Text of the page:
• Fri. Apr 19th, 2024

Fresh Non-Performing Loans risk looms


Nov 20, 2023

By ETimes

Zimnat Asset Management through its weekly economic report warned that a fresh round of dollarization driven by the extension for use of US Dollars might result in the growth of non-performing loans.

President Emmerson Mnangagwa announced the extension of the multi-currency regime until 2030, surpassing the initially planned cut-off in 2025.

“Such a development is meant to boost investor confidence and bring certainty to planning for businesses, given some financial institutions had started scaling down US dollar lending over concerns regarding the fate of foreign currencies after 2025,” the report read.

According to the report, choosing to prolong the multi-currency regime, Zimbabwe seeks to avoid the uncertainties associated with its currency, especially considering the significant depreciation of the Zimbabwean dollar by around 90 percent since the beginning of the year.

This extension reduces complexities and risks associated with currency conversion, enhancing the efficiency of cross-border business operations.

“Despite the economic benefits, Zimbabwe faces the looming challenge of non-performing loans within its banking sector. The historical trend reveals a recurrent issue of non-performing loans during periods of economic dollarization, exemplified in the year 2014.

“The non-performing loans (NPLs) ratio had surged to 20,45 percent, surpassing the internationally acceptable threshold of 5 percent. During that time, the Reserve Bank of Zimbabwe responded by establishing the Zimbabwe Asset Management Company to clean-up the nonperforming loans,” Zimnat added.

With 70 percent of transactions in USD and lending rates between 12 percent to 15 percent per annum, the risk of defaults is elevated.

According to the RBZ July 2023 report, “The banking sector’s asset quality as measured by non-performing loans ratio (NPL) of to 3,30 percent as at March 31, 2023 remains satisfactory deteriorated. However as at December 31, 2022 the NPL ratio was 1,58 percent. The NPL ratios are within the acceptable international threshold of 5 percent.”

Our NPLs truly have a relationship with increased USD usage and high interest rates.

“In terms of sectoral distribution of non-performing loans, as at March 31, 2023, the agricultural sector (67,68 percent) had the largest value of non-performing loans followed by individuals (9,32 percent),” the report ended.

Reporting banks have issued that they have seen a rise in USD denominated loans and with the agriculture sector borrowing foreign currency and suffering exchange losses when selling their produce, it is not a surprise to see them leading in this category.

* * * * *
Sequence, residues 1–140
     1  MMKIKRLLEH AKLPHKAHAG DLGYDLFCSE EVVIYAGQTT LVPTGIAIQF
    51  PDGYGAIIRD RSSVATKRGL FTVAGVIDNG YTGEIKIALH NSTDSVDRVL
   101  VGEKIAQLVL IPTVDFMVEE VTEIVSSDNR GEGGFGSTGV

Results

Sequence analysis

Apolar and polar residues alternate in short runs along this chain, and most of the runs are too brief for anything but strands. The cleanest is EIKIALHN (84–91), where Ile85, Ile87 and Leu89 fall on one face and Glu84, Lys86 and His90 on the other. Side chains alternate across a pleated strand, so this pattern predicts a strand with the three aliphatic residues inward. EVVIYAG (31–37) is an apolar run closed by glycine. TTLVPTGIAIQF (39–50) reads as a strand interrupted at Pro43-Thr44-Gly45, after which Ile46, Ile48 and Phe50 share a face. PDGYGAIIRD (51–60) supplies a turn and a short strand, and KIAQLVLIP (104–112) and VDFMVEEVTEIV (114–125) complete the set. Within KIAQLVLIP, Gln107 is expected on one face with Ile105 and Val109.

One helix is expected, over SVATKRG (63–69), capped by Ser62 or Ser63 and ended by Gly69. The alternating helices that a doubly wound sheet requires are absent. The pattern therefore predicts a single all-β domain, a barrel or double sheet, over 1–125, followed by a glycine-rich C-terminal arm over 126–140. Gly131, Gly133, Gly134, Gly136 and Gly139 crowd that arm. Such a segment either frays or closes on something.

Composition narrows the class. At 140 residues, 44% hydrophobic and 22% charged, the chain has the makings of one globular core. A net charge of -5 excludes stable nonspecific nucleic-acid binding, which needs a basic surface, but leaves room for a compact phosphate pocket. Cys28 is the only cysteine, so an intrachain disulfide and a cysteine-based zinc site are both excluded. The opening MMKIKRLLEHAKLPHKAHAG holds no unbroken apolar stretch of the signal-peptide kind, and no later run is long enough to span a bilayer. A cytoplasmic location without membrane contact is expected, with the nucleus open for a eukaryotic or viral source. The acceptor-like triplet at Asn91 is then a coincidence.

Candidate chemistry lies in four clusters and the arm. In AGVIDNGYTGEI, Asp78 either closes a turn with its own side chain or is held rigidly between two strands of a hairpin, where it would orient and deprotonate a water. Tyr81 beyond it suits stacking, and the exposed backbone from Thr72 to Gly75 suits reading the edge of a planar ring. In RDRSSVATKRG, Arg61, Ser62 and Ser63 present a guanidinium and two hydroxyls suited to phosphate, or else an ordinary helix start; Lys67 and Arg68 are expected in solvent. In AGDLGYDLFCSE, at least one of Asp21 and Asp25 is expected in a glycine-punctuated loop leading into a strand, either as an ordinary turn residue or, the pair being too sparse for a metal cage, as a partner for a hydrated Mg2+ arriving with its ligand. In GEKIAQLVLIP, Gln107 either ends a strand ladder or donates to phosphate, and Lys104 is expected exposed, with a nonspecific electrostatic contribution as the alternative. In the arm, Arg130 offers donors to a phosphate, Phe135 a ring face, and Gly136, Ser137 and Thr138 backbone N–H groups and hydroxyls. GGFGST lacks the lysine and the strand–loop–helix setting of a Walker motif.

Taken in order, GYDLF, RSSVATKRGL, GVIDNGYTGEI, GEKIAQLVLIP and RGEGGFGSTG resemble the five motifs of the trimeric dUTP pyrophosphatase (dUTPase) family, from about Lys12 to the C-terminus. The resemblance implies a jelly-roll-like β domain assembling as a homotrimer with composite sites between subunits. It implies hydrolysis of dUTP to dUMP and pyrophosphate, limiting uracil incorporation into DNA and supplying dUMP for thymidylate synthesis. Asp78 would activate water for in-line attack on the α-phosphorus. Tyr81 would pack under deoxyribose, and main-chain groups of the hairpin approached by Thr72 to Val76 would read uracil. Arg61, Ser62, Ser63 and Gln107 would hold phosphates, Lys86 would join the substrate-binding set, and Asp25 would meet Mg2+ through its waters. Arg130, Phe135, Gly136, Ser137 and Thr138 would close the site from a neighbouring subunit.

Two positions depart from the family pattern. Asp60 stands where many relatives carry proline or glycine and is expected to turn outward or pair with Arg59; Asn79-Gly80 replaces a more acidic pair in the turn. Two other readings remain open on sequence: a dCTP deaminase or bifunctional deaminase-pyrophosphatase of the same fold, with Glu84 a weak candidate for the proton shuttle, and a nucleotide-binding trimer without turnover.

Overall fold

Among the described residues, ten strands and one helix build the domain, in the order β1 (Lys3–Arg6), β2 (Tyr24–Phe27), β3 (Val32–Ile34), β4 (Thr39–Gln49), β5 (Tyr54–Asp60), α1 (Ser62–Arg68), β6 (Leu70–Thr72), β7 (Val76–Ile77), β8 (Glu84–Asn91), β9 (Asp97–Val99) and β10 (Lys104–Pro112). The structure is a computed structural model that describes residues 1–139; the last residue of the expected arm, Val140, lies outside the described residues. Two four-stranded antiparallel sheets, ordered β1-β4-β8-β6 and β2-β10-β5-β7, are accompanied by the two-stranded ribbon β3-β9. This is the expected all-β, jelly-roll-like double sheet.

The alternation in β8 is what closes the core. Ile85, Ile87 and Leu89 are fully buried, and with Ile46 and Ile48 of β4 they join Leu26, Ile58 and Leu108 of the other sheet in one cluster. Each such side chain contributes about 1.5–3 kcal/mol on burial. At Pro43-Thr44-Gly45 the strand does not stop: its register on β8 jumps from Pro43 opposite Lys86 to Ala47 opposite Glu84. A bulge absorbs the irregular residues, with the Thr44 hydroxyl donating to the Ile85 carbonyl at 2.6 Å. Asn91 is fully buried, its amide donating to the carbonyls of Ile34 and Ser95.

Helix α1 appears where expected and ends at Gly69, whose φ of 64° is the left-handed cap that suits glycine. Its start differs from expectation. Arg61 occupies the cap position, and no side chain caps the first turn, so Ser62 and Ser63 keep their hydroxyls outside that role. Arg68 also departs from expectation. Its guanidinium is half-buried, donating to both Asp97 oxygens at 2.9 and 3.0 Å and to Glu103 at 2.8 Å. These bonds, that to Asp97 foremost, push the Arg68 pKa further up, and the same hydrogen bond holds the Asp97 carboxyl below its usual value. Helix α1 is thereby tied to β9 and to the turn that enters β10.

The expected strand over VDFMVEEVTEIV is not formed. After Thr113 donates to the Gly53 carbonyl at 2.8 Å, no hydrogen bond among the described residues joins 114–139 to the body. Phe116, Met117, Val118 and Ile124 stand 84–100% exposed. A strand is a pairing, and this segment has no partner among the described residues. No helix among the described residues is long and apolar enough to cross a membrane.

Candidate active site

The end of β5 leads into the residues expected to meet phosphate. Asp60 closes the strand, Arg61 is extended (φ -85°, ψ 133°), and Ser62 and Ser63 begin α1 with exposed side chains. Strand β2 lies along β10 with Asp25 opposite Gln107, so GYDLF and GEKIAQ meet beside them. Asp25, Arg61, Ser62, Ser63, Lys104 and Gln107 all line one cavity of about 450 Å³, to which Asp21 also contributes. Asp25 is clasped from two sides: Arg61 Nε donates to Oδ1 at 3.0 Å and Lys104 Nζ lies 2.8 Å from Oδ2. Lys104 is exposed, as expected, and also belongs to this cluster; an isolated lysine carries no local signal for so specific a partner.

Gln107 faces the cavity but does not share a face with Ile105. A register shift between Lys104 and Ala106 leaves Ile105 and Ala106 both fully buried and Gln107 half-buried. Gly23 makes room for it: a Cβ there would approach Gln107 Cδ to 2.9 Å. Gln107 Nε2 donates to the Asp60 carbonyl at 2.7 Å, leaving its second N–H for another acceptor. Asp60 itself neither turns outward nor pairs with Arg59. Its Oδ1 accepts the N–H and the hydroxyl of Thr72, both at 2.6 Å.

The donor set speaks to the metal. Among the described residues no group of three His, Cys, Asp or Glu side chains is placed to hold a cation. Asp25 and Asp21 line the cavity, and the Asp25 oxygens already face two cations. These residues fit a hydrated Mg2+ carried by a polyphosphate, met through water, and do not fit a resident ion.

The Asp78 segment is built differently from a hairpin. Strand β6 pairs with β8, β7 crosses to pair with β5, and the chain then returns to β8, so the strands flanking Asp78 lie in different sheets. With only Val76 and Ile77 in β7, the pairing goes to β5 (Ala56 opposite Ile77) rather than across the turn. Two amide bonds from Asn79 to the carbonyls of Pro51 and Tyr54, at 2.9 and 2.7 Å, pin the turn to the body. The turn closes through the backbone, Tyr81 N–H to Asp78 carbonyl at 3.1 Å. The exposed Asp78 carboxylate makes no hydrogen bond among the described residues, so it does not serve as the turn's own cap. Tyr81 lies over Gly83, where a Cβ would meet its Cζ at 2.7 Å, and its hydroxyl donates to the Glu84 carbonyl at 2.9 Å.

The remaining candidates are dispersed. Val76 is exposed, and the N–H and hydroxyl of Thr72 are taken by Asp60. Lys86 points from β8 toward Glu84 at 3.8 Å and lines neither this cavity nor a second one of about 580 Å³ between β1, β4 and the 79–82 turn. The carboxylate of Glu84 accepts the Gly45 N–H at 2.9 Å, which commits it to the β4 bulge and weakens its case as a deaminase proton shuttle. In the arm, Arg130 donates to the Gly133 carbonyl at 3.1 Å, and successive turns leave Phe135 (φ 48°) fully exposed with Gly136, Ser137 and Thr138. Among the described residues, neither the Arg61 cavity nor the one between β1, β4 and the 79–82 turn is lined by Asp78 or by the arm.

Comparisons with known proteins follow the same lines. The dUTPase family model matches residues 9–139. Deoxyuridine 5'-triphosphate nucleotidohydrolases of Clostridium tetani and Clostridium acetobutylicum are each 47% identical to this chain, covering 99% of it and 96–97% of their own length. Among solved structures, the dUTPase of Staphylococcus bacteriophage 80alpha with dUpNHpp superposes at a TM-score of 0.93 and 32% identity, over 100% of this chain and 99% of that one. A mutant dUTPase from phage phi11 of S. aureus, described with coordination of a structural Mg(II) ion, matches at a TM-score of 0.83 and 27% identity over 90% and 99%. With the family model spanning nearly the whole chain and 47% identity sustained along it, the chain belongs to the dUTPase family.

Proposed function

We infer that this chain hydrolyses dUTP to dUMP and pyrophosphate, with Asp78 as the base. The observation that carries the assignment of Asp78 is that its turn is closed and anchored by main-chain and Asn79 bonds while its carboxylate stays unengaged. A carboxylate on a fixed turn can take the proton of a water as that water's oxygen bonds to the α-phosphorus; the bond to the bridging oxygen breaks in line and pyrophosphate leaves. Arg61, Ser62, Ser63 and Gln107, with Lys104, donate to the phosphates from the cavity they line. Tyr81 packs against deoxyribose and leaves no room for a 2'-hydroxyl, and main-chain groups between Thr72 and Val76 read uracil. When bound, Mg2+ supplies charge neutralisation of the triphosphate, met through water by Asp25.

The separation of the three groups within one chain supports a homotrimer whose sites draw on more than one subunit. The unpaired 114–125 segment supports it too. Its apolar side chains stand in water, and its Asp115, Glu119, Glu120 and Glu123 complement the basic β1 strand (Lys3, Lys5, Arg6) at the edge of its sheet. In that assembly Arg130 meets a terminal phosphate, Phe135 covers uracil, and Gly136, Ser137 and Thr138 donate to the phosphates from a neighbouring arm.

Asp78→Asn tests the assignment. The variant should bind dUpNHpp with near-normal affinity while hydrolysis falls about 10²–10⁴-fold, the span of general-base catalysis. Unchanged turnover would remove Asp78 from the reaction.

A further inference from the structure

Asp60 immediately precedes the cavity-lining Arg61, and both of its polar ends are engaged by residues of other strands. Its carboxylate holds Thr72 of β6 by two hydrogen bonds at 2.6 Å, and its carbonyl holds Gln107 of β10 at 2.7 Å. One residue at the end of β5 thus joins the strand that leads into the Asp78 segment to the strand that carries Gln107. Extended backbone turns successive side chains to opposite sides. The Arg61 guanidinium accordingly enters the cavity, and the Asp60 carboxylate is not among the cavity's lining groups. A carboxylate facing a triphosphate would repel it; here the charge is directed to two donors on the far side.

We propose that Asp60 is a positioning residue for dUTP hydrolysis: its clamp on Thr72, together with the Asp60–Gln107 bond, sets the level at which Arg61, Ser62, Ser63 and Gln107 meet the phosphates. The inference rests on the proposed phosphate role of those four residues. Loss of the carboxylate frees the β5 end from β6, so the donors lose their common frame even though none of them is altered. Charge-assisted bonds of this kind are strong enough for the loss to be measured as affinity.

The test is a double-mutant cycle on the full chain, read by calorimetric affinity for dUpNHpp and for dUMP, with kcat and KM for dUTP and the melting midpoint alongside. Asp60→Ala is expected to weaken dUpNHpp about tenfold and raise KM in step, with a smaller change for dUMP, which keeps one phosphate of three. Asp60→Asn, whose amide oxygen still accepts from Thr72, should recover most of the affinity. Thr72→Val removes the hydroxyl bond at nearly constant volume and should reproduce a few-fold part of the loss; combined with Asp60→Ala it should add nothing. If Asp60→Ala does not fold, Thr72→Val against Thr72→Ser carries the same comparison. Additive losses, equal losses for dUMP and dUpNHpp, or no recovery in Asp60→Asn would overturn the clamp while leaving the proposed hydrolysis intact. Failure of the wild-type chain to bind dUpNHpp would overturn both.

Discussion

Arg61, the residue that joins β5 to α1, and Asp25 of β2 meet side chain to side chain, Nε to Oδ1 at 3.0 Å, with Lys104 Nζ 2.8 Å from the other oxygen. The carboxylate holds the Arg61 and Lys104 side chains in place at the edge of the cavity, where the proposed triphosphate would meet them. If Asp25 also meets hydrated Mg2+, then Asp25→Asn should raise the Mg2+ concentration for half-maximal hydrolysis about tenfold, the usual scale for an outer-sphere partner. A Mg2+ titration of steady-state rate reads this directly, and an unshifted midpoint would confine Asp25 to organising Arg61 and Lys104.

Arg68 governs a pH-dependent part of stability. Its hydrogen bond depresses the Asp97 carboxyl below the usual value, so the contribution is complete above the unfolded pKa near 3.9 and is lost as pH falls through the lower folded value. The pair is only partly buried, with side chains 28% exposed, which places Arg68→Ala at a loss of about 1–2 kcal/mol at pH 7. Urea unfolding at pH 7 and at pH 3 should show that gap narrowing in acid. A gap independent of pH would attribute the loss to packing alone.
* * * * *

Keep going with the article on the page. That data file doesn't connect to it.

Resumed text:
Economist Dr Evelyn Chifamba said high NPLs might instigate banking industry instability and episodes of bank failures.

“NPLs deter economic performance in several ways. To begin with, banks might strategically reduce lending to avoid further losses, which reduces the supply of loans to economic agents. A reduction in loans issued in the market slows economic activities, further negatively impacting the economic growth of a nation,” Dr Chifamba said.

She added that the complexity and connectivity of financial markets to the rest of the economy make them vital to understand the consequences of NPLs accumulation, especially in developing.

This scenario echoes the past, where the economy experienced challenges with non-performing loans. Prudent lending practices are crucial to prevent defaults and maintain a stable economic environment.

However, Zimnat added that, “President Mnangagwa’s extension of Zimbabwe’s multi-currency regime until 2030 signals commitment to economic stability and investor confidence amid local currency uncertainties. The move, reinforcing the U.S. dollar’s prominence, provides businesses an extended investment timeframe, potentially fostering growth and simplifying international transactions in line with NDS1 goals.”

The asset manager concluded that the historical challenge of nonperforming loans during economic dollarization poses a lingering threat, requiring vigilant lending rate management to sustain stability amidst 70 percent of transactions denominated in USD –Harare

By ETimes

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